Apparently there was never meant to be TV spin off series for Agent Carter, Captain America’s World War 2 love interest played by Hayley Atwell in the two feature films starring that comic book hero. But fans loved Carter in the movies, and so somewhat grudgingly Marvel decided to make a short mini-series to placate the fans wanting more of Carter’s solo adventures. Rather embarrassingly, what they ended up with was a show that to a large degree eclipsed Marvel’s Agents of SHIELD, the still-struggling prime time series that is supposed to be the main television representative of the Marvel Cinematic Universe – not just in terms of popularity among the fans but also in critical acclaim, too. Whoops. What an ‘unfortunate’ problem for Marvel to stumble into…
As well as serving as a mid-season stand-in for SHIELD on US networks, Agent Carter similarly neatly plugs a hole in what has very obviously been an all-male line-up of main characters in the MCU to date. Agent Carter herself might not possess any super-powers but her ability and training makes her the equal of any other Marvel lead character, and in terms of style, intelligence and aplomb she easily outranks even the best of them, thanks to a smart and sassy starring performance from Atwell. She could easily carry the show solo, but fortunately doesn’t have to given solid support from a cast that includes James D’Arcy, Chad Michael Murray, Enver Gjokaj and ubiquitous bad guy James Frain.
With only eight episodes to play with, the first instalment can afford to waste no time in getting things underway and it does so by putting a simple but useful format in place as Carter accepts a covert assignment to help disgraced genius inventor Howard Stark (father of Tony) track down deadly super weapons that have been stolen from his archives. The only drawback to the furious pace of the first episode is that you’ll need to know your Captain America feature film lore to follow what’s what and who’s who because there’s little time wasted on introductions: Chris Evans appears as Cap only in context-less archive footage from the films, while Dominic Cooper is persuaded to pop up in a scene- (or even show-) stealing cameo as Stark before getting the hell out of New York and delegating his role to butler Jarvis played by D’Arcy, prefiguring Paul Bettany’s robotic reincarnation of the character in the Iron Man films to similar degrees of wry success.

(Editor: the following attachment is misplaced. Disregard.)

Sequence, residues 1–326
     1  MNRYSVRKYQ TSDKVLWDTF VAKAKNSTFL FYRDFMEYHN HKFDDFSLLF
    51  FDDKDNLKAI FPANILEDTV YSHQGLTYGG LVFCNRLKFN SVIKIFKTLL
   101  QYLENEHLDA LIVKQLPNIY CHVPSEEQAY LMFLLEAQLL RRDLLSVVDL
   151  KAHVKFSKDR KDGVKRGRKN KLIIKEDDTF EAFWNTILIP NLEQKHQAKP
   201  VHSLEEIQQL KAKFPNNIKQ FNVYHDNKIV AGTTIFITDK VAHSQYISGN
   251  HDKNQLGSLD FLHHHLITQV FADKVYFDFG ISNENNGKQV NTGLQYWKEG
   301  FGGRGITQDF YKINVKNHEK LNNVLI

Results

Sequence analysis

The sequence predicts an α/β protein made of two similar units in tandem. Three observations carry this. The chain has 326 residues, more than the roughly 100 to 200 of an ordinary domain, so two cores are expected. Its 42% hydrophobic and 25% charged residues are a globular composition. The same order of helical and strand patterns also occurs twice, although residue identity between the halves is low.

The whole thing is set in 1946 in the immediate aftermath of the war, giving the series access to some lovely Hollywood golden age/film noir period glamour that makes it a continual visual delight, despite the show clearly not having the benefit of anything like the same budget that the SHIELD series was lavished with to much lesser end effect. Despite – or maybe because of – the reduced budget, the show adopts a more cartoonish approach overall but at the same time pulls off some cracking low-key action sequences such as a vicious and brilliantly choreographed fight between Carter and an assassin in a kitchen.
There’s a certain pastiche feeling to the whole show, more along the lines of Indiana Jones than Sin City however, and especially reminiscent of the first season of the 70s TV series of Wonder Woman starring Lynda Carter that was similarly set in the war years. That feel extends to the characters themselves who with the exception of the beautifully unique Carter all seem to be enjoying themselves tremendously channeling over-sized caricatures of various film archetypes and stars from the 1940s, with Cooper in particular revelling in playing a hilariously over the top louche figure somewhere between Orson Welles and Clark Gable. The script gives them great lines to play with, crackling with whip-smart wise cracks all played out against the sort of espionage hi-jinks that put me in mind of a period Alias.
Against all this fun is a backdrop dripping in appropriate-to-the-period sexism and misogyny, with the women who had commendably stood in for the men on the home front during the war years now finding themselves surplus to requirements as the soldiers return from overseas and expect their old jobs back by right of being war heroes. Although a full agent herself, Carter is sidelined and belittled as she is sent to make the tea while clearly being twice as good as any of the male agents of the Strategic Scientific Reserve (a.k.a. SSR, a pre-SHIELD organisation in much the same way that Office of Strategic Services prefigured the real life CIA). Her righting of sexist wrongs both at work and on civvy street is an utter delight and gives the series genuine and unexpected depth and worth among the cartoon action.
If I don’t come across as quite so enamoured with the show as a whole as many fans and critics have been, then you can put it down to my general ennui with all things comic book superhero at the moment. But within that now far-too-crowded genre, Agent Carter is definitely one of the best things around. She’s head and shoulders above most of her peers and the show is certainly worth the time spent seeking out and watching it.
Rating: ★ ★ ★ ★
Agent Carter continues on Fox on Sundays at 9pm. The series is not currently scheduled for a home media release in the UK as of time of writing. A second ten-part mini-series is now in production.